Sharing power between parents and staff
Collaboration with the community
Keep in mind these are the minimum standards for the PTA. They are incredibly broad and meant to be used as goals for schools and communities to reach for together by making communication and involvement a priority.
However, as mentioned earlier, this does not come naturally to most people. Many parents and teachers make it through the school year with little to no contact, leaving gaping holes in the child’s education. But there is good news. It is never too late. There are steps that parents and teachers can take now to foster healthy lines of communication.
In John Halloran’s article, 7 Effective Parent Teacher Communication Tips (http://www.teachhub.com/parent-teacher-communication-tips), he has accumulated some incredible tips for teachers. He explains the importance of teachers setting communication objectives at the very beginning of the school year, these objectives should include explaining to parents how communication will be maintained during the year and sharing expectations for children. Halloran explains that when parents understand a teachers high expectations for the student, it creates a partnership between the parent and teacher. This partnership will be key when academic or behavior problems arise. Parents are more likely to understand that a teacher is looking to help the child succeed and therefore more willing to participate in a constructive dialog about how to resolve issues at school and home.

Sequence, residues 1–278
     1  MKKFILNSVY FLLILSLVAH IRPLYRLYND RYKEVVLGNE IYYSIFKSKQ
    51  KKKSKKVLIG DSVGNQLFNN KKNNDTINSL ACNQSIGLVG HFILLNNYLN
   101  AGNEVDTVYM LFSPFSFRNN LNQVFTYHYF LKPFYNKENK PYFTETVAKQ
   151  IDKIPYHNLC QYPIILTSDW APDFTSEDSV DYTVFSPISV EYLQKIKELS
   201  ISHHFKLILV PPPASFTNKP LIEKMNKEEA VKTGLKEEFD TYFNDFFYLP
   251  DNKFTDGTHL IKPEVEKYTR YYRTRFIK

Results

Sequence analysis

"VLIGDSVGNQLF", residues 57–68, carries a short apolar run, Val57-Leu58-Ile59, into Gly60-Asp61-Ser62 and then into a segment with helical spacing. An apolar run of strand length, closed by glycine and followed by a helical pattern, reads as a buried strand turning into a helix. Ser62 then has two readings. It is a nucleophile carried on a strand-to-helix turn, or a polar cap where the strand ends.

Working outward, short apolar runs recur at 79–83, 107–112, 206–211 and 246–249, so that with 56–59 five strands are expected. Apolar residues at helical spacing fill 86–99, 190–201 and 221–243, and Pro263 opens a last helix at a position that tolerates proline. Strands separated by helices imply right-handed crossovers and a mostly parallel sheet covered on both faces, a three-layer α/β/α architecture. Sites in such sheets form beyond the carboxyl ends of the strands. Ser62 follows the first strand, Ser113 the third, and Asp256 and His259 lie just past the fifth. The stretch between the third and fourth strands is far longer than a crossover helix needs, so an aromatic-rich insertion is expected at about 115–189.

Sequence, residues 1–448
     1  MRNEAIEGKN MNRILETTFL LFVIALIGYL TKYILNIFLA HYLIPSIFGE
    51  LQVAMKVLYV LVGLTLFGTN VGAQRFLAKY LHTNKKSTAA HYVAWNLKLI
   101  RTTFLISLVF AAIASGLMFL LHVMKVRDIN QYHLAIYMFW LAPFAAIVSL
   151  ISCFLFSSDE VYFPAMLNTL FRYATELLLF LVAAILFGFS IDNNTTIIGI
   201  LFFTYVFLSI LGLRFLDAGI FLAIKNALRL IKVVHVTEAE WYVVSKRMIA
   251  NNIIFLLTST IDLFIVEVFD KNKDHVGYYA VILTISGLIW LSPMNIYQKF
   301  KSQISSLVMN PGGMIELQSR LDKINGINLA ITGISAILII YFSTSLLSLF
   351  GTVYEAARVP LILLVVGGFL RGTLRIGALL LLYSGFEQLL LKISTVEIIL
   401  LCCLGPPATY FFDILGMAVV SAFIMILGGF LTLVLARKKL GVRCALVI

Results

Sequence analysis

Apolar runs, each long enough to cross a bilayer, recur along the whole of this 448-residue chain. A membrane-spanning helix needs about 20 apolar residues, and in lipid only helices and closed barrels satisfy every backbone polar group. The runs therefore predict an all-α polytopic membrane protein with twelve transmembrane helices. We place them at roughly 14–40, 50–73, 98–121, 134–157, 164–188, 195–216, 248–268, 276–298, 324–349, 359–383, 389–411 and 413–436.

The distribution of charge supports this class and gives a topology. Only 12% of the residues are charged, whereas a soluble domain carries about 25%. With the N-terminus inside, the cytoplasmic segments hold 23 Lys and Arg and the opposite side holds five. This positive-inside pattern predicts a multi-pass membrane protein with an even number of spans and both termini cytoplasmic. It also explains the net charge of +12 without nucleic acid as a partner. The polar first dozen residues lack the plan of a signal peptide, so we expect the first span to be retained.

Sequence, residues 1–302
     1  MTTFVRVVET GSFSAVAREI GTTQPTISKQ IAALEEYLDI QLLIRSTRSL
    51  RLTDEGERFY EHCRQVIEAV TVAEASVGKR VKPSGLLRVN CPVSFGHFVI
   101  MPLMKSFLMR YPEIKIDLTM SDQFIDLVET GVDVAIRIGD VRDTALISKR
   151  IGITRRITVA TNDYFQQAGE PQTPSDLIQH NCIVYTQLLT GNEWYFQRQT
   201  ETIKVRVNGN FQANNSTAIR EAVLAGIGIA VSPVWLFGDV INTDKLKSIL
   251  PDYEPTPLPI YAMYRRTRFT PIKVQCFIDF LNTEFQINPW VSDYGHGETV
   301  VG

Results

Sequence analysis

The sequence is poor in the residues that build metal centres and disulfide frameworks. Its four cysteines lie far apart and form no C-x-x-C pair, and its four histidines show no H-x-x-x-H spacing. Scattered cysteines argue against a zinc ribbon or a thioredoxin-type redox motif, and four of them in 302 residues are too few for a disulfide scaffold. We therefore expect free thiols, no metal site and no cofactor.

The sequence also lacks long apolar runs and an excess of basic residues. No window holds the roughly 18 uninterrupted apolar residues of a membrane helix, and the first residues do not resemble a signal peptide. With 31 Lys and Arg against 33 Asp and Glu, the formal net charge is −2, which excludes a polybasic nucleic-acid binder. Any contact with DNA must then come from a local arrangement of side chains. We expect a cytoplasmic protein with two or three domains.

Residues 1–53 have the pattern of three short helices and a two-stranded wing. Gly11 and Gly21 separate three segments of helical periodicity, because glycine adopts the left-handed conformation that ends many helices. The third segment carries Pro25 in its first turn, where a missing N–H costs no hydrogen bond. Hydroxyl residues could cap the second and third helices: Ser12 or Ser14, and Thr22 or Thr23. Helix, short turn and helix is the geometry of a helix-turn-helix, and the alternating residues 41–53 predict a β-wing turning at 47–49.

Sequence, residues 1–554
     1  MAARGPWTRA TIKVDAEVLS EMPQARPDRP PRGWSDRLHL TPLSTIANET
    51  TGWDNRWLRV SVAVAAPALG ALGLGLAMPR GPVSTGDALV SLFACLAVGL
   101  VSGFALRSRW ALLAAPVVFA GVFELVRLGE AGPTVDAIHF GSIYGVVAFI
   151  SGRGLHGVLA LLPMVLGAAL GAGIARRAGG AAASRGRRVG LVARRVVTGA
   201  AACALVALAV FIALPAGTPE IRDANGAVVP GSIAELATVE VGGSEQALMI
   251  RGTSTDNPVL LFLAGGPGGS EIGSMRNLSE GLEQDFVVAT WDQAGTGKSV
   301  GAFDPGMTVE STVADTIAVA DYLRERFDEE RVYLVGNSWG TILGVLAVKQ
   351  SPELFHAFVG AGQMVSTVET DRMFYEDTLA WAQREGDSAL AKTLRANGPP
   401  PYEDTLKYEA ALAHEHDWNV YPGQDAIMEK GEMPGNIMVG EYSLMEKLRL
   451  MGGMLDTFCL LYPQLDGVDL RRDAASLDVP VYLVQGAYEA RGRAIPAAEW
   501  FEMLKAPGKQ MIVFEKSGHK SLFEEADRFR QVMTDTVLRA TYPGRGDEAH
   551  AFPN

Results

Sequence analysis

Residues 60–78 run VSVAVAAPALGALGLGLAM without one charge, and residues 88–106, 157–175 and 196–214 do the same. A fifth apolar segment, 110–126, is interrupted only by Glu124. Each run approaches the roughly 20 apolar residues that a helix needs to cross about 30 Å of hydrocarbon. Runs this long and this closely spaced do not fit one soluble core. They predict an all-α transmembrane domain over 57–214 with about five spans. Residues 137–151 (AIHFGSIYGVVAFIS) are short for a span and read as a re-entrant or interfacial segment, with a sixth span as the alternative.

Once communication is established, what should be discussed?
The American Federation of Teachers posted an article on http://www.readingrockets.org/article/building-parent-teacher-relationships titled Building Parent-Teacher Relationships. The article states that there are three categories to keep in mind through all forms of communication:
Classroom learning activities
How the parents can help at home with their child’s learning
Parents need to know that teachers recognize the importance of these three categories. Informed parents are supportive parents.
As society develops, more and more ways to communicate must be utilized to reach every students home. One form of communication may not be effective for an entire class. For some, a daily agenda note may work. For others, emails. Even still for others, a phone call. The best route for communication depends on the nature of the topic, the child’s ability to pass on information, and the family’s access to technology. Special events and conferences are a fantastic way to get face to face time with parents. However, it is important to remember that if little to no communication has been maintained throughout the year, it will be near impossible to consolidate months of observations and suggestions into quick conversations. Events are not private enough nor appropriate times to discuss individualized concerns. Events and group conferences are incredible for sharing entire class objectives and curriculum goals.
Teachers should be mindful of diversity when choosing methods for communication. Be clear and consistent. Make plans with parents for follow ups. Keep it positive! Remember the point of communication is to support children. If adjustments need to be made to accommodate academic or behavioral problems, teachers should first acknowledge a child’s strengths, passed attempts to resolve the issue and lastly, some suggestions on how to move forward. Parents need to know that the teacher has already been thinking about ways to encourage achievement in their child. Knowing that their child’s best interest is being kept in mind will make parents happier and more effective partners.